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Antarctica 2016

Climate Change
Scotts Polar Expeditions

Antarctica is the coldest, driest, windiest and highest continent on Earth. It is about fifty times the size of New Zealand and is almost completely covered in ice.

Of the seven continents, Antarctica is:

  • the coldest (–91°C in 1997)
  • the driest (less than the equivalent of 5cm of rain a year)
  • the windiest (wind speed of 327km per hour in 1972)
  • the highest (average height above sea level of 2500m).

The Antarctic continent including all the islands and ice shelves covers approximately 13,661,000 km2 in area. This is about fifty times the area of New Zealand.

Antarctica is almost entirely covered by ice, with exposed rock only making up about 0.4% of the continent. The ice sheet has an average thickness of about 2450m, reaching 4776m at its maximum. Aoraki Mount Cook is 3724m.

Antarctica is of great interest to scientists: Why do you think so much scientific work is done in Antarctica?

Why is Antarctica so cold?

The Russian base at Vostok, which is 3488m above sea level, is the coldest place on Earth with a mean annual temperature of around –55°C. The coldest recorded temperature at Vostok was –91°C in 1997. The average temperature at New Zealand’s Scott Base is -20°C. Antarctica is cold because:

  • the sun is always relatively low in the sky over Antarctica so sunlight is spread over a much larger area than on the equator 
  • the sun does not rise at all in regions south of the Antarctic Circle for part of the year
  • the whiteness of the ice sheets and the sea ice reflect much of the sun’s energy
  • temperature decreases by about 1°C for every 100m rise in height and Antarctica has an average height of 2500m
  • the Antarctic Circumpolar Current flows completely around Antarctica largely preventing other warmer ocean currents from having much affect
  • Antarctica is an isolated continent without any major neighbouring land masses which can have a warming effect on the climate.

Why is Antarctica so windy?

The strong winds are the result of katabatic winds (from the Greek word katabasis, meaning - going down) which arise when cold, dense air lying less than a few hundred metres off the surface at the highest levels of the Antarctic ice sheets flows down towards the coast under gravity. Near the coast these winds can reach tremendous speeds.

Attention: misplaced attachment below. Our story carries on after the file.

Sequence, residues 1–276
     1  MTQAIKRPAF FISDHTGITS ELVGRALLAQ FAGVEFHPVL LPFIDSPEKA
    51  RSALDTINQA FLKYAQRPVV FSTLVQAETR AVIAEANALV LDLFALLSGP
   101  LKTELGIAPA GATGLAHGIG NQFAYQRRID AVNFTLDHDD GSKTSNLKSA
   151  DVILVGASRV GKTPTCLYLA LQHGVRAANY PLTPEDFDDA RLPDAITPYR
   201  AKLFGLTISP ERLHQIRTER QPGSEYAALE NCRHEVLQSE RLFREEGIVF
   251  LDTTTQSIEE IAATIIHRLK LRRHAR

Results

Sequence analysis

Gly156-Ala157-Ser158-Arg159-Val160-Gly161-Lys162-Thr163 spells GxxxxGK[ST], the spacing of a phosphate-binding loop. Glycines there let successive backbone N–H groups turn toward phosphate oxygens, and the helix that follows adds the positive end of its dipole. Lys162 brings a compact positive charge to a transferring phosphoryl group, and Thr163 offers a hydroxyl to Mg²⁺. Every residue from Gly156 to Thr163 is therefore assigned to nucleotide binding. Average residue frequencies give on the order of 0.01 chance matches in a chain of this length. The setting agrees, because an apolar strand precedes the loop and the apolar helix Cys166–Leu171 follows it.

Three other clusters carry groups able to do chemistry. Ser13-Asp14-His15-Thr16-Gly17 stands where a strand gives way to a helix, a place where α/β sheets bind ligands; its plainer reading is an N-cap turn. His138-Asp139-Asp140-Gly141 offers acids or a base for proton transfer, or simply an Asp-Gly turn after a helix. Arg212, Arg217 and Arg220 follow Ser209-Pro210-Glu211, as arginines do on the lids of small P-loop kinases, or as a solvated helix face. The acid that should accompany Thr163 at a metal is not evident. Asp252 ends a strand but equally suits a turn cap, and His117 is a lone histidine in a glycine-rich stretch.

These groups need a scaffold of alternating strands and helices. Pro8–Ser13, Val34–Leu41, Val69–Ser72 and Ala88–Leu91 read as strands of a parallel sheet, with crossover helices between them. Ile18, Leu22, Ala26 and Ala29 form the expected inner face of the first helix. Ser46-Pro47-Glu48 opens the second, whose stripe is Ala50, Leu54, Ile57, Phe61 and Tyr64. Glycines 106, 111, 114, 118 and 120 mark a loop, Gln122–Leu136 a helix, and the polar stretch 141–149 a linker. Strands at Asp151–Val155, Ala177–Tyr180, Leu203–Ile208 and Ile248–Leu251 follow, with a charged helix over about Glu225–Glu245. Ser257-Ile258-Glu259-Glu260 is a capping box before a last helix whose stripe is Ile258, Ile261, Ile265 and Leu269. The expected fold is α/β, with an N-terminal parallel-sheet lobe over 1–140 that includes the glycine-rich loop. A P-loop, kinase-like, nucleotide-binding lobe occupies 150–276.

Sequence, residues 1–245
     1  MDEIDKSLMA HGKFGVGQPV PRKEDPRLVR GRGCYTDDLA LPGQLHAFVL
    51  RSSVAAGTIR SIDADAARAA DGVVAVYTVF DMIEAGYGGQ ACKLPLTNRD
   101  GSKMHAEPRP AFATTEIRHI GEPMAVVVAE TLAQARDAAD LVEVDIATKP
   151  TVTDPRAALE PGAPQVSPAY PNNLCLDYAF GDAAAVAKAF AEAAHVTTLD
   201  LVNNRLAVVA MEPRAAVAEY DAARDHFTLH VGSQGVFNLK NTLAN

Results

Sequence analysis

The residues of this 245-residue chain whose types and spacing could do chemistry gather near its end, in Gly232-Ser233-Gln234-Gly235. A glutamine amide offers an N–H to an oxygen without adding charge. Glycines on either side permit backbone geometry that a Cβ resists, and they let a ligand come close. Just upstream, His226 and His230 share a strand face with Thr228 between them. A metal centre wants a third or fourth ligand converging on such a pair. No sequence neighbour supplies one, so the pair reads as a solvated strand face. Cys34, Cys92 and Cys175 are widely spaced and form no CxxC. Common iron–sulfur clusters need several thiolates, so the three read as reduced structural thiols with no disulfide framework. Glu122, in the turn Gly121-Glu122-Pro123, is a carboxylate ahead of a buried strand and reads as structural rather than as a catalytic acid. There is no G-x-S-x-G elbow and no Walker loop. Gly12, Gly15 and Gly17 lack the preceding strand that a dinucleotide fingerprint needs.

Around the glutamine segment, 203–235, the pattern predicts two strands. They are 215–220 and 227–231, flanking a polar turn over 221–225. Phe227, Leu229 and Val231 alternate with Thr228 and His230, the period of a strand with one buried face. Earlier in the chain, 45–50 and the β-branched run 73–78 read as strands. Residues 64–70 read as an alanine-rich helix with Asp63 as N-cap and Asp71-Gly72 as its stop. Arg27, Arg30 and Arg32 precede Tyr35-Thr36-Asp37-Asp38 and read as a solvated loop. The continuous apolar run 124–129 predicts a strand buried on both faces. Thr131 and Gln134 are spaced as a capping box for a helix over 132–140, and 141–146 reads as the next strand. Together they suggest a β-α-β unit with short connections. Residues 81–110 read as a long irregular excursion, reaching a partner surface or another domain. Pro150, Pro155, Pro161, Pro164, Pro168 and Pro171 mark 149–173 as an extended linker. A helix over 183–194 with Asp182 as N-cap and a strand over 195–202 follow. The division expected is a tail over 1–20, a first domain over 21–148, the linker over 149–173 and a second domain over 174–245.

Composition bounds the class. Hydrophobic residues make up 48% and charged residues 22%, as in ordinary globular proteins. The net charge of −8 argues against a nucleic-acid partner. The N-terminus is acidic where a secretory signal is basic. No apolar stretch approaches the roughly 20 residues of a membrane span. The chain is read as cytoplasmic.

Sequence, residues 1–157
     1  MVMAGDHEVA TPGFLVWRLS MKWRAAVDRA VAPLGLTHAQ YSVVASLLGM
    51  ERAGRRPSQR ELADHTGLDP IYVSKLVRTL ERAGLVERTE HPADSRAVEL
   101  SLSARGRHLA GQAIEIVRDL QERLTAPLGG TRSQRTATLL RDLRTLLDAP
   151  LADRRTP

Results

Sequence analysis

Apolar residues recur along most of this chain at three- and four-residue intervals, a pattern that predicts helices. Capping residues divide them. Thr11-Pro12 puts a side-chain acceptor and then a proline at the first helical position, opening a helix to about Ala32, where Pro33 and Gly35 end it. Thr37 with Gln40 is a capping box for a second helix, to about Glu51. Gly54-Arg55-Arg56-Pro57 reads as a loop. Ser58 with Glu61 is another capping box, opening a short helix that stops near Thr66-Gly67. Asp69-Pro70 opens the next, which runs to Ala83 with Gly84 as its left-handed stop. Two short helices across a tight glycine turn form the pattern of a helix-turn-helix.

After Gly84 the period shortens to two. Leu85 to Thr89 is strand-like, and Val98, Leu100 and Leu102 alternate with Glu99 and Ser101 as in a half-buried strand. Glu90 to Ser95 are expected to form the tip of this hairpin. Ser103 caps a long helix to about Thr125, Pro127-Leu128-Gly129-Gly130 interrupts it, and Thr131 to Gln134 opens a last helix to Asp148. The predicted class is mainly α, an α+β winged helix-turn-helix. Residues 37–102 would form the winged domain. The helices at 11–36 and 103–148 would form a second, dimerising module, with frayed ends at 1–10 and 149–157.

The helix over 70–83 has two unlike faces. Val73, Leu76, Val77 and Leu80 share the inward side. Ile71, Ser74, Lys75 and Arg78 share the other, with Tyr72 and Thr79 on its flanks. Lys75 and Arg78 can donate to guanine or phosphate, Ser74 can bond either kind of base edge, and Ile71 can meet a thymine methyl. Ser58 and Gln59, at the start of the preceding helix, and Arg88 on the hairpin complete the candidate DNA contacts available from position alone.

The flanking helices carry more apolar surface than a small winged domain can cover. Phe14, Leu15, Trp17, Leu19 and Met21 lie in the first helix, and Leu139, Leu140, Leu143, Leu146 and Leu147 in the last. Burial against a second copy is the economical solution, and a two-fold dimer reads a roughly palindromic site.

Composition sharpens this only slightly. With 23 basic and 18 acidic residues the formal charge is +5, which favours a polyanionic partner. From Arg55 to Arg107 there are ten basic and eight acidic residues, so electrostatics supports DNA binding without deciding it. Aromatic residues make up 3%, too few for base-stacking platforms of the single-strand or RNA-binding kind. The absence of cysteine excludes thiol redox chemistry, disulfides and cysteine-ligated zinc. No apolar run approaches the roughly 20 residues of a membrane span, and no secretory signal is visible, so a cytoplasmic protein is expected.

How cold, wet and windy is it where you live? Compare this with Antarctica.

Ready for a quiz?

Antarctica quiz

Audio Māori keywords: 

“Great God! This is an awful place!” The words of the explorer, Captain Scott, when he and his men finally reached the South Pole on 17th January 1912. Find out more about Captain Scott’s expedition and the science that his team carried out while in Antarctica.

Antarctica is the coldest, windiest and driest place on Earth. Image: Maximilian Dörrbecker.

Antarctica is a long way away from other continents. It takes over five hours to reach Ross Island in Antarctica from Christchurch, New Zealand. How many kilometres is it from Christchurch to Antarctica? Image: LEARNZ.

Antarctica is almost completely covered in ice all year round. This is Cape Byrd on Ross Island. What parts of Antarctica are not covered in ice and why is this? Image: LEARNZ.

Sea ice grows around Antarctica in winter and much of this breaks up and melts in summer. How do you think sea ice affects the climate in Antarctica? Image: LEARNZ

This is Scott Base, the New Zealand base on Ross Island in Antarctica. This is where you will be based during the field trip. Image: LEARNZ.

Working in Antarctica is challenging. Scientists drill through sea ice to make sure it is thick enough on which to travel safely. What other challenges do you think scientists have to overcome while working in Antarctica? Image: LEARNZ

Climate Change
Scotts Polar Expeditions